Surrounded by shining waters and cloaked in towering pines, Finlayson Point Provincial Park lies just south of the Village of Temagami.
Sharing a shoreline with the Lake Temagami Skyline Preserve, a protected ring of pine forest that surrounds the lake, Finlayson Point provides visitors with access to Temagami — a treasured part of Ontario that many travellers see only a glimpse of as they head north or south along the highway.
Continue reading Destination Temagami
Today’s post comes from Jessica Stillman, School Outreach Coordinator for Bronte Creek Provincial Park.
Bronte Creek Provincial Park is a unique setting, with rich natural and historical features. As the School Outreach Coordinator at the park, I get to connect students to this wonderful site on a daily basis!
Let me tell you a little about myself and the programs we offer:
Continue reading When the student becomes the teacher
Today’s post comes from Steven Groulx, a GIS Database Technician in Algonquin Provincial Park.
Today is GIS Day, and to celebrate we thought we would look back and see how far GIS has come over the years. From mapping, to tracking, to data collection, GIS staff do it all!
Continue reading Then and now: mapping and GIS
Today’s post supplied by Natural Heritage Education Specialist Dave Sproule.
Forty-four years ago, the huge freighter Edmund Fitzgerald was wrecked on Lake Superior.
This is the story.
Continue reading The Gales of November: remembering the Edmund Fitzgerald
Today’s post comes from our Natural Heritage Education Specialist (and history buff), Dave Sproule.
Thousands of boats, ships and canoes have been claimed by Lake Superior over the centuries. The Edmund Fitzgerald is simply the most famous and one of the most recent.
Continue reading Shipwrecks of Lake Superior
Boo! The scariest night of the year is almost upon us.
As we celebrate Halloween with costumes, trick-or-treating, and plenty of scares, let’s take a look at the history behind this spooky day. Continue reading The spooky celestial history of Halloween
Today’s post comes from Bruce Waters, a former educator at the McLaughlin Planetarium and founder of the Killarney Provincial Park Observatory.
Astronomy is a field of science that embraces an inquiring mind, and knows that there are often many perspectives in which to learn, to study and to appreciate the cosmos and beyond.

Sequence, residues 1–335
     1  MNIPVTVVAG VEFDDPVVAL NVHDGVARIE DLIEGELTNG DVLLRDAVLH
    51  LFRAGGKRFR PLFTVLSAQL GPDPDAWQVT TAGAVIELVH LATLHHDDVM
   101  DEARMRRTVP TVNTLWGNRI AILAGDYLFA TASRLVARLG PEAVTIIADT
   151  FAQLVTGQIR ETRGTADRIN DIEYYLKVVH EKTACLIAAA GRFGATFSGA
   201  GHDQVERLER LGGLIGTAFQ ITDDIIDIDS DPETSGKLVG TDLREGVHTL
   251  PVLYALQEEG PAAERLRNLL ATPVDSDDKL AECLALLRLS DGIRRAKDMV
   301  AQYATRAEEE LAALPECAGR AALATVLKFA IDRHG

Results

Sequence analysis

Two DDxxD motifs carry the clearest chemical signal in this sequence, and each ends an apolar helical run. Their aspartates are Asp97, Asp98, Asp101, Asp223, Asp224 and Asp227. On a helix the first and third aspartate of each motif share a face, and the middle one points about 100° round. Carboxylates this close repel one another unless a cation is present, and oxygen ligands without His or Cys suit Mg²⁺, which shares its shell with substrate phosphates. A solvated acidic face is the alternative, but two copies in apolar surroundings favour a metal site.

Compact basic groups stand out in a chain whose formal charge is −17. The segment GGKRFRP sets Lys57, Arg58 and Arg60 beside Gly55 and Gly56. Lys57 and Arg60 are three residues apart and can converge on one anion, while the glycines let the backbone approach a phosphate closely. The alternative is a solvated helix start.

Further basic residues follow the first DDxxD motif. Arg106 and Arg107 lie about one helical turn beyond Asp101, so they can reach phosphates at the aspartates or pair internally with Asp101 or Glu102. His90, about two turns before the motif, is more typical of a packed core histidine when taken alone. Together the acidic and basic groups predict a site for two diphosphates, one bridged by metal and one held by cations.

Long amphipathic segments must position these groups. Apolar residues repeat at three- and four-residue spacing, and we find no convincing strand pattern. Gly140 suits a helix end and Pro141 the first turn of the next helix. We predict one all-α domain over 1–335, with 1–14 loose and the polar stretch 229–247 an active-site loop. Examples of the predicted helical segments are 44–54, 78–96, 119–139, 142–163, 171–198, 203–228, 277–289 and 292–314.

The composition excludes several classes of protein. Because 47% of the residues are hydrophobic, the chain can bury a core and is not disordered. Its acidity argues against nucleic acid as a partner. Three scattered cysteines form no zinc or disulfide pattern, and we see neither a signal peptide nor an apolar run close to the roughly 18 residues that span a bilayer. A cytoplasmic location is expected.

In this International Year of Indigenous Language, Ontario Parks was fortunate to host a truly amazing event featuring Indigenous astronomy and cultural learning.
“[This] event was a great example of how collaborations that are built upon mutual respect can foster and support true Reconciliation,” said Luke Wassegijig, Wikwemikong Tourism Manager.
Continue reading Stars over Killarney, 2019: an Indigenous astronomy learning experience
In our “Behind the Scenes” series, Discovery Program staff across the province share a “backstage” glimpse of their favourite programs and projects. Today’s post comes from David Bree, Discovery Program Lead at Presqu’ile Provincial Park.
Trails and parks go together like (fill in your favourite pairing here: “like peas and carrots,” as Forrest Gump would say). Trails are arguably the most used recreational facility in our park system.
But trails don’t just happen; first a concept must be born.
Continue reading Discovery and trails go together like peanut butter and jelly
Today’s post comes from Will Oades, with the Discovery Program staff at Sleeping Giant Provincial Park
As we near the end of Sleeping Giant Provincial Park’s 75th anniversary, it’s hard not to look back on all of the rich natural and cultural history that has shaped the park into the place we know and love today.
Full of world-class hiking, biking and ski trails, Sleeping Giant offers a recreational haven for thrill seekers and amateur adventurers alike.
Continue reading Celebrating 75 Years at Sleeping Giant Provincial Park
Today’s post comes from Jill Legault, an information specialist at Quetico Provincial Park.
Quetico’s oral histories have been locked away on archival cassettes at the John B. Ridley Research Library — until now.
Courtesy of history enthusiasts from the University of Wisconsin Whitewater, they have come out of the vault and into our ears.
Continue reading Quetico’s wilderness voices